A Health Savings Account (HSA) is a special tax-advantaged savings account similar to a traditional Individual Retirement Account (IRA) but designated for medical expenses. An HSA allows you to pay for current eligible health care expenses and save for future qualified medical and retiree health care expenses on a tax-favored basis. HSA's provide triple-tax advantages: contributions, investment earnings, and qualified distributions all are exempt from federal income tax, FICA (Social Security and Medicare) tax and state income taxes (for most states). Unused HSA dollars roll over from year to year, making HSA's a convenient and easy way to save and invest for future medical expenses. You own your HSA at all times and can take it with you when you change medical plans, change jobs or retire. Funds in the account not needed for near-term expenses may be able to be invested, providing the opportunity for funds to grow. Investment options include money market accounts, mutual funds, etc. Check with your bank to find out your options. To be eligible to set up an HSA and to make contributions, you must be covered by a qualified “high-deductible health plan”, or HDHP.
Keystone partners with HealthcareBank for all of their HSA administration. HealthcareBank is one of the top 10 health savings account (HSA) custodians in the U.S. They offer privately labeled HSA's solely through “silent partnerships” with some of the nation’s largest financial institutions, health plans, and third-party benefit administrators. *For more information on their Institution see link below*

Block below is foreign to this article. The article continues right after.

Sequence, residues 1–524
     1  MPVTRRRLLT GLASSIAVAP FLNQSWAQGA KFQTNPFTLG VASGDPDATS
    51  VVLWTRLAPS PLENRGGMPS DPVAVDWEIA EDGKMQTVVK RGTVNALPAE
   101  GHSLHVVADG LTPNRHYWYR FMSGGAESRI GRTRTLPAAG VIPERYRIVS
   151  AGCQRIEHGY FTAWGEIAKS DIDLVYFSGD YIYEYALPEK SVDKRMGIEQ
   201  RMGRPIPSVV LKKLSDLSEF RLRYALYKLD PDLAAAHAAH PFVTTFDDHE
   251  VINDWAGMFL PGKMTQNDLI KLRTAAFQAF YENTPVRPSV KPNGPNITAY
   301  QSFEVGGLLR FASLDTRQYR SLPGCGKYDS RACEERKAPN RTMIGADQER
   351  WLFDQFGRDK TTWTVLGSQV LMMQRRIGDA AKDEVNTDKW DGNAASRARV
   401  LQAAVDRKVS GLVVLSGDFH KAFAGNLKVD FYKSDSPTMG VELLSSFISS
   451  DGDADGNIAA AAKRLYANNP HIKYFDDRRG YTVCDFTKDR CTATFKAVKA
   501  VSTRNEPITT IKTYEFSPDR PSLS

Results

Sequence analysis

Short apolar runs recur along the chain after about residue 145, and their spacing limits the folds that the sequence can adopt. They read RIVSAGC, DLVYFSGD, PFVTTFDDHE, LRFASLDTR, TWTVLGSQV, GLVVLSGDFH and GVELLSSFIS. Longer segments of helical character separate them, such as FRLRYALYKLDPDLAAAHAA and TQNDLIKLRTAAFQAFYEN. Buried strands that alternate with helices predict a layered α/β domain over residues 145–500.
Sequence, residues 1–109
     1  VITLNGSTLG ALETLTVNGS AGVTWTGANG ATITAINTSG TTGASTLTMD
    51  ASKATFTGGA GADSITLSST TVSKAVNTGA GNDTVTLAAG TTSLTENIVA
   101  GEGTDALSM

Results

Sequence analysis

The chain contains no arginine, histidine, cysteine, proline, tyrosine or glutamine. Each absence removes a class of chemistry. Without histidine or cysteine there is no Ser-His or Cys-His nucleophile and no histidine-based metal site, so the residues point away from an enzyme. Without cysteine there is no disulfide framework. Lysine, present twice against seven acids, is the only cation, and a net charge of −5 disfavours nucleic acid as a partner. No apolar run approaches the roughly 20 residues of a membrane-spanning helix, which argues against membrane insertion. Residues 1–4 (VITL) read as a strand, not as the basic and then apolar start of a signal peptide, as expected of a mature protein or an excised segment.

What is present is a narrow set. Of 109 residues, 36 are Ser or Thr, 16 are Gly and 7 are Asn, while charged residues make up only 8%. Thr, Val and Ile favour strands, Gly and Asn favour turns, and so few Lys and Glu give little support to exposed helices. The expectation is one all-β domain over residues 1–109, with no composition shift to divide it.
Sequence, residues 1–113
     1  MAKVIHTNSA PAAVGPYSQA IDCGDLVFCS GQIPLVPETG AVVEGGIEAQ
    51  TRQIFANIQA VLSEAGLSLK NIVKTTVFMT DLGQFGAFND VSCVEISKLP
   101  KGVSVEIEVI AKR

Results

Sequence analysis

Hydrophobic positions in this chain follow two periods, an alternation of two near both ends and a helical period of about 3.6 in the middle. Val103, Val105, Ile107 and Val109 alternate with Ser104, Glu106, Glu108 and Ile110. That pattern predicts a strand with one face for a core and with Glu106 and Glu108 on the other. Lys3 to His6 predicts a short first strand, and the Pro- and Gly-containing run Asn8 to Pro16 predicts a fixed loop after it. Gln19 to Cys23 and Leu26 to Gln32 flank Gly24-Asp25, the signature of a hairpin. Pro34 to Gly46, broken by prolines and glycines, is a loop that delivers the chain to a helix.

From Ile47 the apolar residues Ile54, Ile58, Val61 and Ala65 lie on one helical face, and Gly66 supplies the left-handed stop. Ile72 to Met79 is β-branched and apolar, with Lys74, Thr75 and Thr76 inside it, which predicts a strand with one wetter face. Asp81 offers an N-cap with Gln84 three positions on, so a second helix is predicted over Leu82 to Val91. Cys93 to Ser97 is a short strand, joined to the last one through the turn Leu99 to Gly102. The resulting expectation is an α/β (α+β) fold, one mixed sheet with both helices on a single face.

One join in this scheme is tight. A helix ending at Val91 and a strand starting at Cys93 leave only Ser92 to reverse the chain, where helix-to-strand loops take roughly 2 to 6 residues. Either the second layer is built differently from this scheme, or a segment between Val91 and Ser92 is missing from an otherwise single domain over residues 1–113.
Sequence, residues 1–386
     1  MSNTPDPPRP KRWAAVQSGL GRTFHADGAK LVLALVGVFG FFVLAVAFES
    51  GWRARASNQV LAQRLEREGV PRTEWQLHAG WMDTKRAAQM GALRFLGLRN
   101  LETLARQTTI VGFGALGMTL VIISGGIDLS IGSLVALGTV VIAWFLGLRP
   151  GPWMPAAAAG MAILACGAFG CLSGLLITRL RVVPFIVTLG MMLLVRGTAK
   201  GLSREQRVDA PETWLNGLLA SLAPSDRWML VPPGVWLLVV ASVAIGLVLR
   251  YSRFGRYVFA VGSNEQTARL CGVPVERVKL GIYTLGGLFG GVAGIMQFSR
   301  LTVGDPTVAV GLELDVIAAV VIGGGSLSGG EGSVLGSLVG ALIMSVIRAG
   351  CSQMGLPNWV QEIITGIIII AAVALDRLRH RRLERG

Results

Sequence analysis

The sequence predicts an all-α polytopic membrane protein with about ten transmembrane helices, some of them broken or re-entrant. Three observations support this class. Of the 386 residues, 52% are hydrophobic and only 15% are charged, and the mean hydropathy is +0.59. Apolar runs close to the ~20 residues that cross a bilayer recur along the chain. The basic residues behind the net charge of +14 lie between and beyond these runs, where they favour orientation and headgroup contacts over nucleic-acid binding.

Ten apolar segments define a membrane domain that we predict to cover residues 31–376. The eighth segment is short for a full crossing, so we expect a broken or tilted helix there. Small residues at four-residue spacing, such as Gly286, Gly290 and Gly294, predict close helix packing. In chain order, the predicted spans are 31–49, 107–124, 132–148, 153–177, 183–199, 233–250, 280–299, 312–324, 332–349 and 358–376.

How does an HSA work?
1. To be eligible to contribute to an HSA, you must be covered by a qualified high-deductible health plan (HDHP) and have no other first dollar coverage (insurance that provides payment for the full loss up to the insured amount with no deductibles).
2. You may use your HSA to help pay for medical expenses covered under a high-deductible health plan, as well as for other common qualified medical expenses.
3. Unused HSA funds remain in your account for later, and may be able to be invested in a choice of investment options, providing the opportunity for funds to grow. Check with your financial institution to see if this is an option for your account.
HSA's work in conjunction with an HDHP. All the money you (or your employer) deposit into your HSA up to the maximum annual contribution limit is 100% tax-deductible from federal income tax, FICA (Social Security and Medicare) tax, and in most states, state income tax. This makes HSA dollars tax-free. You can use these tax-free dollars to pay for expenses not covered under your HDHP until you have met your deductible.
The insurance company pays covered medical expenses above your deductible, except for any coinsurance; you can pay coinsurance costs with tax-free money from your HSA. In addition, you can use your HSA tax-free dollars to pay for qualified medical expenses not covered by the HDHP, such as dental, vision and alternative medicines.
Tax-free contributions to your HSA can be made in a variety of ways, including:
1. Pre-tax payroll contributions, if available through your employer.
2. Online transfers — transfer funds directly to your HSA from your linked personal savings or checking account.
3. Send a check to Keystone Flex for deposit into your HSA.
4. Rolling over or making a transfer from an existing IRA (Individual Retirement Account) to an HSA, but only once in your lifetime.
Distributions from your HSA are used to pay for qualified medical expenses. This can be done by the following methods:
1. Paying for purchases and medical services using your WEX Health Debit Card (if applicable).
2. Using online bill pay through your online HSA portal.
3. Requesting self-reimbursement through the online portal when you have already paid out-of-pocket for qualified expenses.
4. Paying with an HSA check.
Who can have an HSA?
You must be:
1. Covered by a qualified high deductible health insurance plan;
2. Not covered under other health insurance;
3. Not enrolled in Medicare; and
4. Not another person's dependent.
Exceptions: Other health insurance does not include coverage for the following: accidents, dental care, disability, long-term care, and vision care. Workers’ compensation, specified disease, and fixed indemnity coverage is permitted.
**Please check with your employer to see what plans are offered.**